Premature Babies Are So Special

Christoph Aring Christoph Aring

Premature babies can survive with sometimes little  medical support from 23 weeks of gestation onwards. A 23-weeker is very tiny, but the baby has everything ! Above all-they need our love and support and they can always surprise us...

A premature baby is a complete, perfect, wonderful human being, it can even  scream quite loud, its facial expressions may range from smiling to a rather angry look, only to change into the expression of an old person, furrowing its brows and then to a soft, wrinkleless babyface within seconds – sometimes you want to look at them for hours. Nature of course has a different plan: babies are supposed to stay in mothers womb for up to 40 weeks of gestation.

The aberrance from natures plan poses quite some problems to the baby: the skin is thin, only 1 or two layers of cells protect the body; the lungs tend to collapse, because certain proteins are not produced by the lung cells and the ribs consist mainly of cartilage, not bony tissue yet; the central nervous system is extremely vulnerable to rupture of vessel membranes, the neurons have to migrate from the inner to the outer parts of the brain, they have to branch, connect to other neurons and modify the branching all the time; the intestines, the immune system and most other organs are completely designed, but barely able to cope with bodys demand without the support of mothers placenta, the softness of the amniotic fluid, the weightlessness to move in it and the darkness of the womb.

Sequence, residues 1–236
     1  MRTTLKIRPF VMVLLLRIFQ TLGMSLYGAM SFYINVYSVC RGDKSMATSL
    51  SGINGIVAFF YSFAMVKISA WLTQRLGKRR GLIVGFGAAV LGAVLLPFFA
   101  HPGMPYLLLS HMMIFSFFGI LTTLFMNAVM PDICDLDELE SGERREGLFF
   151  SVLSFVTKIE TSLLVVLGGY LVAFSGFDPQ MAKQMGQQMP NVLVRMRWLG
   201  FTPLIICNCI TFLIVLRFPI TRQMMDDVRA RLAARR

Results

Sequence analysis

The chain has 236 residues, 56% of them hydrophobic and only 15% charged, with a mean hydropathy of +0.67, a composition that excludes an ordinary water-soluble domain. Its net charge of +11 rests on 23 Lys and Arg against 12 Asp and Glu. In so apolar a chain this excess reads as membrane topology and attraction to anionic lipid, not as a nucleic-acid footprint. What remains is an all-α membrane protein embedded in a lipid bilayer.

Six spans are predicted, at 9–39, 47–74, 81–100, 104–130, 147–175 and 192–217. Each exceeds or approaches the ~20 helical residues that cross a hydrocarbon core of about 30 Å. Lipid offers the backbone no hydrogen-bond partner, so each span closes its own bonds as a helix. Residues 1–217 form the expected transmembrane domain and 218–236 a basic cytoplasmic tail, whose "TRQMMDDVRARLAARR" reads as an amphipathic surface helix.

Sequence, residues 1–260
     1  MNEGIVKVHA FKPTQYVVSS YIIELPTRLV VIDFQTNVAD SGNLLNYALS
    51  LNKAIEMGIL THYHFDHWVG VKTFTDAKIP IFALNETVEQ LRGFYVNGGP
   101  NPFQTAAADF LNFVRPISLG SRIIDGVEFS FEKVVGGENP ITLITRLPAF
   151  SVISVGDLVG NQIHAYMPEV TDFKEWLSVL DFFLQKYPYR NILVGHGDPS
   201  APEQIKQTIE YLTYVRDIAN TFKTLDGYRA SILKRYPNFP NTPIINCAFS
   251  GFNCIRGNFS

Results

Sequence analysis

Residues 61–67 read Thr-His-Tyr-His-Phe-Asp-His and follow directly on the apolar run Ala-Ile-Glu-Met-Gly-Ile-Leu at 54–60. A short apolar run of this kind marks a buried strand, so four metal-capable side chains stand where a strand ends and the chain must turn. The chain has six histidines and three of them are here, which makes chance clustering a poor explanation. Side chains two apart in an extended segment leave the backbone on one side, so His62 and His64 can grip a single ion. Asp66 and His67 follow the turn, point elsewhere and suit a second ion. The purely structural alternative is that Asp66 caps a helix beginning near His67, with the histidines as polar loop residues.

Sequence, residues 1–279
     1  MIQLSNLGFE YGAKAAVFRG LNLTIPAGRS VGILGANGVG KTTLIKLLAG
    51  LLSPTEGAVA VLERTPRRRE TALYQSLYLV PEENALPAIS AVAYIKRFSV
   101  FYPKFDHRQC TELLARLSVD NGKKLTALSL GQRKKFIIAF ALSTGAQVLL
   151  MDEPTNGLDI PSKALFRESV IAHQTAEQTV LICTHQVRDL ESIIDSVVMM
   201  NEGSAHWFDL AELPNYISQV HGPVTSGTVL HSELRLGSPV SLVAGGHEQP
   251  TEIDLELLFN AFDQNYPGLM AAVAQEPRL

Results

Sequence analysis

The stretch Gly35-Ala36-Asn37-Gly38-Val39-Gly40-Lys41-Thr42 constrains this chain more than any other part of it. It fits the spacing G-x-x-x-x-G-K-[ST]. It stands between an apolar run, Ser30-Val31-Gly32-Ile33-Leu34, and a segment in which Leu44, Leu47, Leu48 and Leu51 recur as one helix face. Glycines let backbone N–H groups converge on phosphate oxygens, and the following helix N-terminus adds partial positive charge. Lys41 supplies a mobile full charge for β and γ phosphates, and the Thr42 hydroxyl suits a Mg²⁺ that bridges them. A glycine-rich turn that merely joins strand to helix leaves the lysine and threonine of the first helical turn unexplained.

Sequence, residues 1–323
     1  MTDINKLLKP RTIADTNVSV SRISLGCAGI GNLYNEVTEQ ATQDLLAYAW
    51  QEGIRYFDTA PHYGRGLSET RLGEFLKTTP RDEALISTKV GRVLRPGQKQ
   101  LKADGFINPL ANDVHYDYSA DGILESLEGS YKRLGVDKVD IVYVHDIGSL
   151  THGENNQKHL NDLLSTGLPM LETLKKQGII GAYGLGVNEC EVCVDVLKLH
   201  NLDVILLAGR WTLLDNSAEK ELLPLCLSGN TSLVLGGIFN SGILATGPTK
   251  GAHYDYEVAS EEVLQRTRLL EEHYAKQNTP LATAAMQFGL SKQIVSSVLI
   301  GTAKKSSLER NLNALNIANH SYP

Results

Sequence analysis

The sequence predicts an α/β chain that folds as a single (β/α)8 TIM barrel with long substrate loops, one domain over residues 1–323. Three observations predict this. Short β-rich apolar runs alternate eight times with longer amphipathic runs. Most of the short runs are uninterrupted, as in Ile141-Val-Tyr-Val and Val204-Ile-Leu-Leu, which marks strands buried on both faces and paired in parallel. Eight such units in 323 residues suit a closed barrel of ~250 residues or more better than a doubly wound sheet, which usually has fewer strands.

The premature exposure to worlds adventures necessitates medical procedures which are painful and of unexpected and not intended sensual input (light, loud noises, skin touch by sheets, napkins and blankets, no more weightlessness, skin injuries by intravenous catheters and blood testing, mechanical ventilation and its procedures, nutrition by the intestines, excretion of stools etc.). Infections loom as well as side effects of nutrition and treatment.

The statistics say that a 23 weeker has a mortality risk of up to 25%, depending on where it is born. There is also a risk of up to 40 % to carry away some sort of chronic impairment. These risks decrease continuously with each day and each week of gestation. Statistics show that a 28 weeker has an almost equal risk of  death or chronic sequelae as a 40 weeker, of course with the help of a neonatal intensive care unit.

So – is there any helpful advice protecting babies, reducing sequelae of prematurity and leading out of the inevitable helplessness ?


First of all: prematurity is fate in by far the most cases, it is not the individual failure of a particular mother or father.

Second: do everything to gain days, if possible weeks to prolong the pregnancy to at least 28 weeks.

Third:  if nothing helps and the baby comes too early- try to spend as much time as possible with your baby kangarooing, share this time with husband, grandparents and persons whom you like and trust.

Fourth: mothers should not neglect themselves and their family, mothers should complete school or studies, keep themselves in social activity and life so they can show life to their babies.

Fifth: never forget – premature babies can be tough, surprisingly strong with many resilience factors and  vitality. It is worth trusting them.


Neonatal intensive care units should promote this, should be able to persue an individualized developmental care concept beside having plenty of experience and above all dedicated, skilled and sufficient nursing staff. Always remember- your baby is so special!